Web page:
Scottish schoolteacher Claire McFall has become an international literary sensation with her "Ferryman" series of teenage novels
A small-town Scottish schoolteacher has become an international literary sensation with more than a million sales in China and a Hollywood movie deal -- but remains relatively unknown in her homeland.
Claire McFall has signed over the rights to her "Ferryman" series of teenage novels to Legendary Entertainment, the US production company behind blockbusters such as director Christopher Nolan's "Batman" saga and "Jurassic World".
The 35-year-old mother has also been mobbed in China, where her debut novel "Ferryman", first published in 2013, has been a top 10 bestseller for more than two years.
"My agent calls it 'Ferrymania', which is slightly cringeworthy," she told AFP.
"It's mind-boggling how successful it's been in China. They seem to be astonished that I would want to come to China to see them, and I was like, 'Are you kidding? You love my book!'."
McFall was teaching when her agent called in November to say she had been offered a film deal, prompting her to leave the profession to focus on writing full time.
"He didn't actually drop in the name Legendary for about five minutes," she said.
"That is when I realised it was actually quite a big deal, so I did a bit of embarrassing dancing round the classroom. It still feels quite surreal. I can't imagine seeing it up on the screen."
- Scottish landscape inspiration -
Despite being a huge hit in China, "Ferryman" has sold much more modestly in Britain -- 30,000 copies by June 2017.
"Ferryman", and its sequel "Trespassers", published in September last year, follow a teenage girl on her journey to the afterlife following a train crash.
She is accompanied by a guide inspired by the Greek mythological figure Charon, who carries souls across the rivers Styx and Acheron.
The desolate wasteland between life and death was inspired by the sparsely populated landscape around Lesmahagow, a small town around 20 miles (35 kilometres) southeast of Glasgow, where McFall grew up and worked as a teacher.
"The idea came to me in a dream about waking up on an empty train," she said.
"My commute to Lesmahagow was just fields, sheep and the occasional tractor.
"It is an absolutely beautiful, gorgeous landscape but it's also very rugged, it's quite dangerous and the Scottish weather can change at any moment, so for me it was actually quite a threatening environment."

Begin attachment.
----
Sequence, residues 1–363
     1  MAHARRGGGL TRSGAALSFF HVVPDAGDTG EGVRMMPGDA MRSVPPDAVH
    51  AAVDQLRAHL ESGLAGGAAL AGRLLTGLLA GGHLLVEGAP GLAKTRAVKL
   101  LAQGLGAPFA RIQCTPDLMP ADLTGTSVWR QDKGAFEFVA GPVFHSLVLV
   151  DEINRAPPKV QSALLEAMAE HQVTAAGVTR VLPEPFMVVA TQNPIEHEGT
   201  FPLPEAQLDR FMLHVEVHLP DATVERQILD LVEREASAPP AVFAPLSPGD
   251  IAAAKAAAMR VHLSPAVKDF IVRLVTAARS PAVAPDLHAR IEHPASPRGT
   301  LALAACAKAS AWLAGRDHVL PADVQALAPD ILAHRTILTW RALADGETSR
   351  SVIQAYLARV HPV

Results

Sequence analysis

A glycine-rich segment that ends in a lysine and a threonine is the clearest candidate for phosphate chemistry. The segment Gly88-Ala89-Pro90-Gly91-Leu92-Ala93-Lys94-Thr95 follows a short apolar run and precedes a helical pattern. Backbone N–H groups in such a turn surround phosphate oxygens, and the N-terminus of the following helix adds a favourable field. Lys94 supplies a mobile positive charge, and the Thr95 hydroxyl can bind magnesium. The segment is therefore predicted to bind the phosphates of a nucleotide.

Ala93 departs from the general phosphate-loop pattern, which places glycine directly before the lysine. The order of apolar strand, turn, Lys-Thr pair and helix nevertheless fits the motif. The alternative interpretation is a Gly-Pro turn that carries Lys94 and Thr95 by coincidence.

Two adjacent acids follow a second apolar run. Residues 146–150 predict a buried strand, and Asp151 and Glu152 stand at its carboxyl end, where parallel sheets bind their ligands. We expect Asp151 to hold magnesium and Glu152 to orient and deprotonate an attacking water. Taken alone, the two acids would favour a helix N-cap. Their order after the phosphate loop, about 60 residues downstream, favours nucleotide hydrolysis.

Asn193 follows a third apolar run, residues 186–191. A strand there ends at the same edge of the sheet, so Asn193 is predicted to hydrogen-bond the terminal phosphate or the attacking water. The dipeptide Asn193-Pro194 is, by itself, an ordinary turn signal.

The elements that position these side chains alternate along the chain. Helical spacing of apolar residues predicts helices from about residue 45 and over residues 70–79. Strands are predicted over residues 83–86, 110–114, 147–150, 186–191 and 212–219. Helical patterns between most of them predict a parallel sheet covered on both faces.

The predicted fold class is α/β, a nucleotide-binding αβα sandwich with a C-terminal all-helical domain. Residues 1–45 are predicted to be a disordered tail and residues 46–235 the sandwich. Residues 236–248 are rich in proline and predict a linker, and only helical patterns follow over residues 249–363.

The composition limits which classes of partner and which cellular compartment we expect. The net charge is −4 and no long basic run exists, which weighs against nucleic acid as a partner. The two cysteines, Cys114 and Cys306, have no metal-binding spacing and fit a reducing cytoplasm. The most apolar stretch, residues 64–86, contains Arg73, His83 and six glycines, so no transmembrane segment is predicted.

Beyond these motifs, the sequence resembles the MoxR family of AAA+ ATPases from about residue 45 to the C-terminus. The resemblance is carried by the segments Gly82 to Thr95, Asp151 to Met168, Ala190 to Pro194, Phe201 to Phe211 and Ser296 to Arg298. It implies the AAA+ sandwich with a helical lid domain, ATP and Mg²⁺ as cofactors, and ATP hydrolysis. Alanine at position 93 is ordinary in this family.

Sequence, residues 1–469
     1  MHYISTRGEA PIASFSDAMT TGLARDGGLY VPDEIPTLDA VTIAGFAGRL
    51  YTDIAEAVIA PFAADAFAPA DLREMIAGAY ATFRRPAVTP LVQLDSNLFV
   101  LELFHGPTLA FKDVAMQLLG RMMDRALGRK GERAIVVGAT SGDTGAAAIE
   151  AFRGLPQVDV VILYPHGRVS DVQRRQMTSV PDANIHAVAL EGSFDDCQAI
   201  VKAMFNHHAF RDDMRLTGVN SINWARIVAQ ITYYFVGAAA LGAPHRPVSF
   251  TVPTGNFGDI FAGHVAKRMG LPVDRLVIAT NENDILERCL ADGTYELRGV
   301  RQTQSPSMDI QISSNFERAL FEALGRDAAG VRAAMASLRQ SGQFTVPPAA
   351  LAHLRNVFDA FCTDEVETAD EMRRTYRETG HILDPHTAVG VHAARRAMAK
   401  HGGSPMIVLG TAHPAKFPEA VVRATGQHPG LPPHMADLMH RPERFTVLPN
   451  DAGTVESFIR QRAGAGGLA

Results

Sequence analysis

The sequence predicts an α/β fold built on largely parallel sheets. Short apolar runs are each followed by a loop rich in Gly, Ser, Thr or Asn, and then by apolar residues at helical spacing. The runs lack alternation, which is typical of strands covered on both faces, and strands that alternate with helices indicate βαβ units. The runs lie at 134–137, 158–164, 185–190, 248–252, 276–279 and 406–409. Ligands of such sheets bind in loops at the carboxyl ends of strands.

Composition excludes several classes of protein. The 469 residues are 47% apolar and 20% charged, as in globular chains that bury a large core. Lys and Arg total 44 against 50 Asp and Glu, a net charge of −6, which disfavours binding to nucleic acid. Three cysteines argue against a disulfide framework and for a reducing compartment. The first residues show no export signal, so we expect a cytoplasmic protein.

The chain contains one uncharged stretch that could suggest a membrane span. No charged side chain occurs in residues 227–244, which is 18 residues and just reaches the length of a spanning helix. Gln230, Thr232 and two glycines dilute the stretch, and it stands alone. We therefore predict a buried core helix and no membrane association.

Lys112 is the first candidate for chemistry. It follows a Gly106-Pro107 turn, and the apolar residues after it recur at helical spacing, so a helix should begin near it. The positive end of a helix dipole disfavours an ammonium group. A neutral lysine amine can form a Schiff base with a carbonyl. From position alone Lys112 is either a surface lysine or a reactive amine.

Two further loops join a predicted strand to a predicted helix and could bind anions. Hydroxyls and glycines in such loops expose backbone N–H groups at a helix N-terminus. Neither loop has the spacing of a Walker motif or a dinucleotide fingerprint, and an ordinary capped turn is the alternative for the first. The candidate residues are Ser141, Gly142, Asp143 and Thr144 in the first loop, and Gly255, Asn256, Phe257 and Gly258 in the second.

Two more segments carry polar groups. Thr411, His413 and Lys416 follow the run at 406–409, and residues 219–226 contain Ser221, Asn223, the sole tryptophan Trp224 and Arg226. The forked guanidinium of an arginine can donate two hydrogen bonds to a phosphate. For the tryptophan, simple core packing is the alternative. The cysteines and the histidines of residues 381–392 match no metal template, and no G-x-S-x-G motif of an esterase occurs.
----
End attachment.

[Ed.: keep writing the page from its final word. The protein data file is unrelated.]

- Chinese appeal -
"Ferryman" has been translated into simplified Chinese for the China market, complex Chinese for Taiwan, Turkish and Vietnamese.
McFall has also recently signed a publishing deal in France.
She said she believed the book's theme of the afterlife found particular resonance with Chinese readers.
"In China they have a belief called The Black and White Impermanence, two ghosts that take the spirits of the dead to the afterlife, and that has parallels with the themes in the books," she said.
In China, the book was marketed for adults -- unlike in Britain where it was targeted at teenagers -- and a large part of the Chinese readership are women aged under 25, she added.
"The people I spoke to at signings also had a real love for British culture, the books and the landscapes, and they were really attracted to the male lead. He's handsome, he's charismatic, he's brave, what more do you want?" McFall said.
- Rowling comparisons -
The afterlife also has echoes of the Christian belief in purgatory, where souls undergo a gruelling purification before they are admitted into heaven, but the ebullient author stresses that she is no theological scholar or historian.
"I'm not an expert in Greek mythology -- I literally know as much as I needed to write the book," she said.
"I'm not a religious person and I'm agnostic in that I'm not quite sure what I believe. My idea for the book was that the afterlife would be like coming home -- somewhere that you feel safe, but that you should also have to earn it.
"I'm not much of an outdoorsy person. I don't like climbing. It's wet, it's cold, it's hard work, so being forced to hill march, first of all by the school and then by my husband, just gives me bad memories, so when I was thinking of something tough and gruelling to go through, that was in my head."
Her second novel, "Bombmaker", set in a dystopian independent Scotland, raised a few eyebrows when it was released at the height of the independence referendum campaign in 2014.
"A lot of people asked me if that is what I thought would happen if we got independence," she said.
"My answer was no: I was just taking it to an exaggerated degree. I just fancied the idea of writing something in a dystopian Britain that was still recognisable."
The third and final novel in the "Ferryman" trilogy is due to be published in 2019.
Her success has inevitably invited comparisons with J. K. Rowling, whose "Harry Potter" series began in a tiny Scottish flat and grew into an international phenomenon.
McFall said: "I wouldn't even hope to pin myself to her but I think she is someone who is really inspiring to show what you can achieve."